Black Thursday, Formerly Known as Thanksgiving

by Jessica Sommerfield · 0 comments

Consumerism is a huge part of the American economy, particularly when it comes to the biggest shopping season of the year: Christmas. Last year, Americans spent an average of $700 per household on Christmas shopping, often as much as $200 per child. And, since the most shopping is done in the weeks between Thanksgiving and Christmas Day, there is plenty of pressure on retailers to take advantage of this window of opportunity. Traditionally, Black Friday (the day after Thanksgiving) has been the biggest shopping day of the year.  Small-business Saturday was added to funnel sales into privately-owned businesses as well. Then with the increase in the popularity of Internet shopping, Cyber Monday rounded off the busiest shopping weekend of the year.

Thanksgiving itself remained untouched until the last few years, almost as if there were some code against it. It started subtly with online sales on Thanksgiving Day. Home shoppers not inclined to leave their warm beds early Friday morning were now able to take advantage of some of the great sales after consuming their turkey dinner.  Then in 2011 some retailers pushed back their Black Friday sales to 10pm or midnight on Thursday in an attempt to get the jump on other retailers and draw in night owl shoppers in addition to the early birds. Last year major retailers again competed for first sales events, and many opened at 8pm.  This year, it is rumored that a handful of major retailers will be starting sales as early as 6pm on Thursday.

It doesn’t take rocket science to guess where this trend is leading: Black Thursday. Of course they would never call it that, but it might as well be. There are a few camps of opinion on the impending overshadowing of Thanksgiving with Christmas shopping sales events. First of all, there is the traditional view that Thanksgiving is sacred and shouldn’t be blended into or trampled over by American consumerism and greed. Thanksgiving is traditionally a day to be spent with your loved ones, usually over a meal, enjoying and appreciating all the simple but priceless blessings in life such as food, shelter, and family.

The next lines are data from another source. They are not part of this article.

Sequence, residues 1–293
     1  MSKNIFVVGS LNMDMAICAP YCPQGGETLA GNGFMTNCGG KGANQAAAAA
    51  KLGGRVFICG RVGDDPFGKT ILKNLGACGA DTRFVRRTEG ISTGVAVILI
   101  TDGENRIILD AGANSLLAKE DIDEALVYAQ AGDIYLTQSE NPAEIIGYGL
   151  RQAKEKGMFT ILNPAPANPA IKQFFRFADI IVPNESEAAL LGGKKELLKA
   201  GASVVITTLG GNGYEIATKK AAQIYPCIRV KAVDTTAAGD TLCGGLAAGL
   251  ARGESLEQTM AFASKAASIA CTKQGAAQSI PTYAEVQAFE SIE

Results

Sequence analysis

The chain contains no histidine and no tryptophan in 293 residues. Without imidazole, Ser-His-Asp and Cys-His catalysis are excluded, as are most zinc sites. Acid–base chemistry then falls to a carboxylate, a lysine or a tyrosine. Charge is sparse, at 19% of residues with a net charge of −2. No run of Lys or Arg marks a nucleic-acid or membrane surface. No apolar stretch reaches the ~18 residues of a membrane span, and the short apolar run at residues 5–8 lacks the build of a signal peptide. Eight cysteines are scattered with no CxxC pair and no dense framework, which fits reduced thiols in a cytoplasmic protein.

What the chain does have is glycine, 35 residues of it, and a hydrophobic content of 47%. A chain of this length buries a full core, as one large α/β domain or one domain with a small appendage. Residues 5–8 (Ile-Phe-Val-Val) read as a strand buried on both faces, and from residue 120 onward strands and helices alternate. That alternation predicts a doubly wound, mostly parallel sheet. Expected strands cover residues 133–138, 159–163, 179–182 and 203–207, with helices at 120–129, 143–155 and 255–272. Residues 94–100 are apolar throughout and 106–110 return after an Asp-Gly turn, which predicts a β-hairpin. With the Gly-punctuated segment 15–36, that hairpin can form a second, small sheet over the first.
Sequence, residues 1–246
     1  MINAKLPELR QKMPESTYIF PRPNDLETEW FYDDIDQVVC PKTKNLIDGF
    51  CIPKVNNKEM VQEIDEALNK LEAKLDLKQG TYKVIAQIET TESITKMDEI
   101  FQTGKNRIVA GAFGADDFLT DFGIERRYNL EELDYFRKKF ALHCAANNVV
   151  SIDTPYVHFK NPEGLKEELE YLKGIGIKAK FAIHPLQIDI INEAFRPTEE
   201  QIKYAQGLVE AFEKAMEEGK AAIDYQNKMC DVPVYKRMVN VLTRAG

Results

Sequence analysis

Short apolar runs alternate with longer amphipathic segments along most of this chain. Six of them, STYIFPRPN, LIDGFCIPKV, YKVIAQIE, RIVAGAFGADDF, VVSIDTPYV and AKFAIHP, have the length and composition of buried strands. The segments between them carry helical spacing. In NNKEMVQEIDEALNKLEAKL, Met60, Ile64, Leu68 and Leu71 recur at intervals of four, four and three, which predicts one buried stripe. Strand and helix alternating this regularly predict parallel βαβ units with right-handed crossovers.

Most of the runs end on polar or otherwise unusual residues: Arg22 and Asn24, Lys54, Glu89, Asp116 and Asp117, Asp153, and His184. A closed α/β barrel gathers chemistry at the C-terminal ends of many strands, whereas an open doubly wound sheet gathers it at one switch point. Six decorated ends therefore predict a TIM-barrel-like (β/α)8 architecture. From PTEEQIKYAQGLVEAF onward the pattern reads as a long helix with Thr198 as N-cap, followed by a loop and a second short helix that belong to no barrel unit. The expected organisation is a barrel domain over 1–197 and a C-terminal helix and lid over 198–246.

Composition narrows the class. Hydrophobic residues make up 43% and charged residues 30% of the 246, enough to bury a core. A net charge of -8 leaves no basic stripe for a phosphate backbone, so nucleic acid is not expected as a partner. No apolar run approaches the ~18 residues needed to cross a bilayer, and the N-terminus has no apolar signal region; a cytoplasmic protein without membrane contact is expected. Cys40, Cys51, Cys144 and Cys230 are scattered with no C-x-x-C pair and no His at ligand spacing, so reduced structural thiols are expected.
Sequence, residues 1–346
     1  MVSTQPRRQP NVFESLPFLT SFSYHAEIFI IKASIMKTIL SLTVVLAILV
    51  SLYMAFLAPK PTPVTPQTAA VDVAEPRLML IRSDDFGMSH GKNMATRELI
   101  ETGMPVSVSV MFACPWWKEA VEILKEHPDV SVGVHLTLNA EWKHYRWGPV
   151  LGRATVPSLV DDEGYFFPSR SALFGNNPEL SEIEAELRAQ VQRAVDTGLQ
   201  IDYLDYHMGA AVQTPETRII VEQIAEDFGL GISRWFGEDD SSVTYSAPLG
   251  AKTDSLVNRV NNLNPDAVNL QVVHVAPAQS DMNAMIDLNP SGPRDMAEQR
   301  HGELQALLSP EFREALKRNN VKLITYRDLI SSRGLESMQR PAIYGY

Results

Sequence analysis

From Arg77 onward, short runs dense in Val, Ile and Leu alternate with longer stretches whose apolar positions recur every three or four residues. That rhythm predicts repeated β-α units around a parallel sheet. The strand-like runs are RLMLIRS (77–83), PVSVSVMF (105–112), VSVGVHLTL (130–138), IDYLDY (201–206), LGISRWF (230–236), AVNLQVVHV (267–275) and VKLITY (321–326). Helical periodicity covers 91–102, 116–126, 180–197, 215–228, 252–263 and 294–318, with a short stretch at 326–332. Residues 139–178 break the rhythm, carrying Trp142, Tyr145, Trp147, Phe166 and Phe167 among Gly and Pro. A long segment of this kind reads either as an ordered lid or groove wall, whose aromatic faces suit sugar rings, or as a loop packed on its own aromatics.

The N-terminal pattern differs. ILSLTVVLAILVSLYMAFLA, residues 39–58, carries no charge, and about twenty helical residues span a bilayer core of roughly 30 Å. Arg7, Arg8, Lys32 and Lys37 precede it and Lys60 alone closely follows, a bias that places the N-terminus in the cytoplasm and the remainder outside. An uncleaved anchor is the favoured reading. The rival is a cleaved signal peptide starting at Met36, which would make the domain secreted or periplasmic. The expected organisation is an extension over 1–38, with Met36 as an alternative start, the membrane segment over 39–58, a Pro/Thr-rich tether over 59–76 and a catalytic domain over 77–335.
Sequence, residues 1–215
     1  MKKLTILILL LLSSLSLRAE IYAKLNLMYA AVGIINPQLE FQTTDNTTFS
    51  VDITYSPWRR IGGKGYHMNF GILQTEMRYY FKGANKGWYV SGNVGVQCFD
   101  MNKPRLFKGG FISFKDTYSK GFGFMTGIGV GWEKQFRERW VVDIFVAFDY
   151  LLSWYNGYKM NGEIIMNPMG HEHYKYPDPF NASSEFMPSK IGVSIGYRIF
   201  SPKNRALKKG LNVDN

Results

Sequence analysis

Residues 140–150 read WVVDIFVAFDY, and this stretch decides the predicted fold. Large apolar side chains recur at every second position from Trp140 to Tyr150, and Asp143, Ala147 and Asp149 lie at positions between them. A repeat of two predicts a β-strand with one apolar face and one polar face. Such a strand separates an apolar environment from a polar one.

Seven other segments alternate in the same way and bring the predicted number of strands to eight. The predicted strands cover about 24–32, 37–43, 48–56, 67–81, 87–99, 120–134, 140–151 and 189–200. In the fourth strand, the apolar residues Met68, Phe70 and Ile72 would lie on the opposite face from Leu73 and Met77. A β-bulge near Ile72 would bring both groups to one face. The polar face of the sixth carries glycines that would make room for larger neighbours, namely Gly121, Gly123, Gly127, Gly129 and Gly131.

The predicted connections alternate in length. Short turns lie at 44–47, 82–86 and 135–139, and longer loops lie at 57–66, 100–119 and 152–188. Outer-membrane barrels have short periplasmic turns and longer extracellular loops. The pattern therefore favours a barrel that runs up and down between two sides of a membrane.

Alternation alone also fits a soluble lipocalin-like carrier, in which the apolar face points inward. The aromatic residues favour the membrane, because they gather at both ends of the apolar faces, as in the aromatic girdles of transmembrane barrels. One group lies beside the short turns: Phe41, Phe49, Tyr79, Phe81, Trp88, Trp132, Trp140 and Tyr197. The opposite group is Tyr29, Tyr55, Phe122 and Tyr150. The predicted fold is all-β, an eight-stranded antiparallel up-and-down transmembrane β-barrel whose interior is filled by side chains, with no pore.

Others would argue that no one is forced to shop on Thanksgiving Day, just as none of us is forced to eat more Thanksgiving dinner than we should (but it’s there, so we do). However, they fail to consider the large percentage of people who work in retail who have formerly enjoyed being able to stay at home with their families on Thanksgiving Day but are now forced to present, guard, and watch people fight over hot items not one but  two days out of the year.  Those who work in retail often have to work during peak shopping hours such as nights and weekends anyway, but formerly this didn’t include Thanksgiving Day, when most families are home eating a meal together and not roaming the store aisles.

But before we point our fingers are hyper-competitive retailers, who is really to blame in the  subversion of Thanksgiving Day into just another shopping holiday: retailers or their customers?

Retailers plan their sales events based on customer trends and feedback.  Obviously the response to last year’s 8 pm sales in many locations was a hit, so retailers are not only going to repeat it, they’re milking it for all its worth. No doubt the next step will be sales events starting Thanksgiving morning, or, since most people (who don’t work retail) have the day off, why not Wednesday night? As long as customers keep showing up in droves to buy huge televisions and cheap toys, the doors will keep opening sooner and sooner.

Meanwhile, you have the choice to either participate and revel in it, or stand back and mourn the loss of yet another over-commercialized holiday. Perhaps in a few years people will get tired of the craziness and force retailers to return to the  traditional Thanksgiving and Black Friday, or perhaps this is only another benchmark of an increasingly materialistic society.

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